The German Opel engineer who held a pivotal role in developing the Chevrolet Volt and European market derivatives was recently hired away by BMW.

Frank Weber will likely be a strong asset to Bavarian Motor Works, which is developing a range of advanced-tech projects from an all-electric i3 to a plug-in hybrid i8, along with models in between and possibly even a range-extended platform.

Indeed BMW, which is known as a proud engineering firm, deviated from its institutional preference to promote from within by hiring Weber. According to Automotive News Europe, Weber will report to BMW’s head of research and development, Klaus Draeger.

Weber started with Opel in 1991 after completing his engineering studies at Darmstadt University and was given several leading roles at the technical development center in Ruesselsheim, including director of advanced concept engineering.


Weber is pictured a few years ago here with GM's pre-production Volt show car.

His involvement with the Volt began spring of 2007. He was initially hired as E-Flex/Volt VLE a couple months after the concept car was shown in January of that year. He went on to prove himself as GM’s global chief engineer over the Volt project.

For this assignment, Weber showed a deep-level grasp of the range-extended car, and helped expedite it from gleam-in-the-eye concept stage to the serial production car we have now.

In 2008, while the work was still in progress, Weber sat down with GM-Volt.com founder, Dr. Lyle Dennis, to offer his views in an interview that led off with the question: “What was GM’s motivation to build the Volt?”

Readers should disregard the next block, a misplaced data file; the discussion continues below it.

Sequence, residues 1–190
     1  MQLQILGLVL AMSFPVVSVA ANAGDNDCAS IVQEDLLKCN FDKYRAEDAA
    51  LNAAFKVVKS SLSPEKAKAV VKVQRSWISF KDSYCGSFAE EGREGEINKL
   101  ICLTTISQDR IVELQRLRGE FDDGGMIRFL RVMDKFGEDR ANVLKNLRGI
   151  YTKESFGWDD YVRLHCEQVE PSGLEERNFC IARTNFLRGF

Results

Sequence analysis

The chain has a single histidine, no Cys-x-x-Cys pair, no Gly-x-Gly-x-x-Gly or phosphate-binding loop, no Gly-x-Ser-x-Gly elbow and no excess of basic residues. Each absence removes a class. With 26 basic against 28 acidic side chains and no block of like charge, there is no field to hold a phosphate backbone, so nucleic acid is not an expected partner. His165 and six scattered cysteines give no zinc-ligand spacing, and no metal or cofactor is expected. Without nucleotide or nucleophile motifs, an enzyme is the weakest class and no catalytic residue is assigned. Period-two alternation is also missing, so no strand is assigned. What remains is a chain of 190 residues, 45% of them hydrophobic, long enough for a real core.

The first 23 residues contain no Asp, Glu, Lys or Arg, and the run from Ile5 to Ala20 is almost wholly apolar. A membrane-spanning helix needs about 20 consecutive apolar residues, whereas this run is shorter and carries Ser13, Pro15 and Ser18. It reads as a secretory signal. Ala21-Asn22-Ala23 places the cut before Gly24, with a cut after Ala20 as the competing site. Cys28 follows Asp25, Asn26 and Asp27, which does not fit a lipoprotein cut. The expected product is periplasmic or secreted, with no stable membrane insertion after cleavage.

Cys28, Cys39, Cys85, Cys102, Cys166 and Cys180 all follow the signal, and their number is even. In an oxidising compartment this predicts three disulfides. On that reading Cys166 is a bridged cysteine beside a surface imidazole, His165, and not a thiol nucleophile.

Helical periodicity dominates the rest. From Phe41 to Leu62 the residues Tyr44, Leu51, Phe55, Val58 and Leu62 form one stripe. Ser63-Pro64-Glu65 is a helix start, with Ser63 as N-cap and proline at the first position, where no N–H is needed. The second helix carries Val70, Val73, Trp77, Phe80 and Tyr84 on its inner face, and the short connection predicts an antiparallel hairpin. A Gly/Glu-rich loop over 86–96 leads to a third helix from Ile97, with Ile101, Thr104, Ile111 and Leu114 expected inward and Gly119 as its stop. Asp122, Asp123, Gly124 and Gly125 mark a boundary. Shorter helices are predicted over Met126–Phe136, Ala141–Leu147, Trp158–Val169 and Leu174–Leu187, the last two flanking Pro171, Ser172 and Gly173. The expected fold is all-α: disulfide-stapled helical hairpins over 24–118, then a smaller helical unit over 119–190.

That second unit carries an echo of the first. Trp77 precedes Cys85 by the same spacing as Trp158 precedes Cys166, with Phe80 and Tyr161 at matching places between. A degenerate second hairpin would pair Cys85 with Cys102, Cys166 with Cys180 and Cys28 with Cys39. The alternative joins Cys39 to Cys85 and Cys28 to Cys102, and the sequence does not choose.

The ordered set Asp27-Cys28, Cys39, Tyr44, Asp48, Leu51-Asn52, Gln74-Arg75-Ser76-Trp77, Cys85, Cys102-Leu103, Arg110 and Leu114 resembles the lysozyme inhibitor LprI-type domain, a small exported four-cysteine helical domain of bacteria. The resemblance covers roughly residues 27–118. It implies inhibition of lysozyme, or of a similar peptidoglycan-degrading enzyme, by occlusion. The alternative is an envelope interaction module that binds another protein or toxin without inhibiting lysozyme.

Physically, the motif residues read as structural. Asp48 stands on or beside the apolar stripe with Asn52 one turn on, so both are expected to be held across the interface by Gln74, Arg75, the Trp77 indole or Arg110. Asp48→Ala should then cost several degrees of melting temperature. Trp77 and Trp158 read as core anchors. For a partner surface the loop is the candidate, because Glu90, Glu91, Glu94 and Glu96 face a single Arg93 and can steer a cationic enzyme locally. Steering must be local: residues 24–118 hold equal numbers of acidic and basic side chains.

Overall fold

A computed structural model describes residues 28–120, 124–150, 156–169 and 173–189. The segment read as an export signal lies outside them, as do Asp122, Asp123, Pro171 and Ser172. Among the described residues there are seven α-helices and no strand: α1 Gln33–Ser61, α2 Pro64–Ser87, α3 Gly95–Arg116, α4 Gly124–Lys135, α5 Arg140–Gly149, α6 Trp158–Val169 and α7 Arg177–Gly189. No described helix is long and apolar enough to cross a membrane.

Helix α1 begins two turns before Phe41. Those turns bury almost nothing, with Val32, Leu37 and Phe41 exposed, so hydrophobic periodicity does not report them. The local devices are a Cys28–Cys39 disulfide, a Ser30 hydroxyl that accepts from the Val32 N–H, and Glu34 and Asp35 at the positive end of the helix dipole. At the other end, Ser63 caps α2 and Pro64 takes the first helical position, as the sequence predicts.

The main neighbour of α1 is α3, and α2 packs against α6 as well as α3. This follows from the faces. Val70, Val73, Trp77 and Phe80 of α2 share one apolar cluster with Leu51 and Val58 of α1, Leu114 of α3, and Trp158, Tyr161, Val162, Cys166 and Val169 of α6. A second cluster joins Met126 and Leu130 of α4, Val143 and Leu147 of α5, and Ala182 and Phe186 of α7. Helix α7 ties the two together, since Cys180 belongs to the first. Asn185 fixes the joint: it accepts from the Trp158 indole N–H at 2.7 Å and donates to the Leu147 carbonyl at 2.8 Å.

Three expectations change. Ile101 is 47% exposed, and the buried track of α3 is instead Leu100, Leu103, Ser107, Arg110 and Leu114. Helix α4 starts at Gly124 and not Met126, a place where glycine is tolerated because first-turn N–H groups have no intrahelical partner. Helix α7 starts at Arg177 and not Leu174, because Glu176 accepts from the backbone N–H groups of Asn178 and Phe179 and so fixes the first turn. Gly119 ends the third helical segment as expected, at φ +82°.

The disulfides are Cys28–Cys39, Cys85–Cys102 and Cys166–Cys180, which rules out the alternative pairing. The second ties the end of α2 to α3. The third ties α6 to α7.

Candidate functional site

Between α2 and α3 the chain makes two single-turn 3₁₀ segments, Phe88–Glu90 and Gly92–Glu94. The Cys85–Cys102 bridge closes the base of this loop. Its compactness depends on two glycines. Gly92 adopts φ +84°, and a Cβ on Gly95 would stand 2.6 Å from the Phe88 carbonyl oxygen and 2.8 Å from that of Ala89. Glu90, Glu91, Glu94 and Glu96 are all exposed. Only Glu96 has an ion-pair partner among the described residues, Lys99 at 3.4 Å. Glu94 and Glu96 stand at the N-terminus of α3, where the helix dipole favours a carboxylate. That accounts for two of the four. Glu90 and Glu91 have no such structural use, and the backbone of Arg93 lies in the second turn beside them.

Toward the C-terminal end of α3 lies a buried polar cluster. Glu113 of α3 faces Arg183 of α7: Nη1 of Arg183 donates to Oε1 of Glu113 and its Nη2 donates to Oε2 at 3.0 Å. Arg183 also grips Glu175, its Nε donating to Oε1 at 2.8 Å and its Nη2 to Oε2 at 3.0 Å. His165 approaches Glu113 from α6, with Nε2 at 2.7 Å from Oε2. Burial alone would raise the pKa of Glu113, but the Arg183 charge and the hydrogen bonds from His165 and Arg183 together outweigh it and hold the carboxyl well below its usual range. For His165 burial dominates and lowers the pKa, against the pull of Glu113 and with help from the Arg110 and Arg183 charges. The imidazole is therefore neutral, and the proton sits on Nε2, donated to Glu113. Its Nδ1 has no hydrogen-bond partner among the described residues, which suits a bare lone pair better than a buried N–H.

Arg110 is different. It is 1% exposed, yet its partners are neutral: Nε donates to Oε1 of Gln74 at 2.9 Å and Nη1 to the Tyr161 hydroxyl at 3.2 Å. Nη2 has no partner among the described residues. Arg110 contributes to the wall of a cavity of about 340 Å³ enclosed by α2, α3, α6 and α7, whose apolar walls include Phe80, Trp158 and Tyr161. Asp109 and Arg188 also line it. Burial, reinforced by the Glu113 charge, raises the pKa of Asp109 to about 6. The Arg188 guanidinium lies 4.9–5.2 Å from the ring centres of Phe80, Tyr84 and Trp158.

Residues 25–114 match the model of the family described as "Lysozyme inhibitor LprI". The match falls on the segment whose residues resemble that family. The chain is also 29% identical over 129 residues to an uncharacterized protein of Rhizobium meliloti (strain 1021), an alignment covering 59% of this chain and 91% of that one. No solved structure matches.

“Societal challenge,” Weber said, “Look at the future. What you see is that not the industry nor any individual OEM can afford not to believe that this is [the] next big step, because it is the only technology currently available that can make a fundamental difference.”

Another of his quotes laden with visionary tones was, “Many of the things we are currently doing are very fundamental technical decisions that will guide this architecture for years and almost decades.”


GM-Volt's founder, Dr. Lyle Dennis, interviewed and featured Weber a few times when he was working on the Volt project.

It is sentences like these that indicate Weber had an encompassing mind’s eye view of the engineered possibilities for advanced technology.

After his work on the Volt project had largely been completed, in late 2009 Weber moved back to work as Opel’s head of corporate planning on Opel and Vauxhall projects.

Weber's hiring by BMW now makes him the second top-tier GM executive to recently jump ship with extensive knowledge of Opel’s future product plans. In October 2010, Volkswagen AG hired former Opel Managing Director Hans Demant to be its senior vice president in charge of international relations.

And while this is only conjecture, it would appear Weber’s thinking may already be making itself felt. It was only about a week ago that BMW announced it would consider a range-extended car.

In any event, Weber’s hiring surely demonstrates BMW’s strong desire to evolve from the maker of “Ultimate Driving Machines” to the maker of ultimate advanced-technology driving machines. Spy photos and videos have shown the company is very busy, as are its European competitors.

BMW did some work with a limited fleet of electric MiniEs, but these are not slated for mainstream production. The first BMW battery electric vehicles are estimated to be in production by 2013. Either the i3 BEV, or i8 plug-in hybrid, or both could be in production by then.

Opel has not yet announced Weber’s replacement.

Source: Automotive News Europe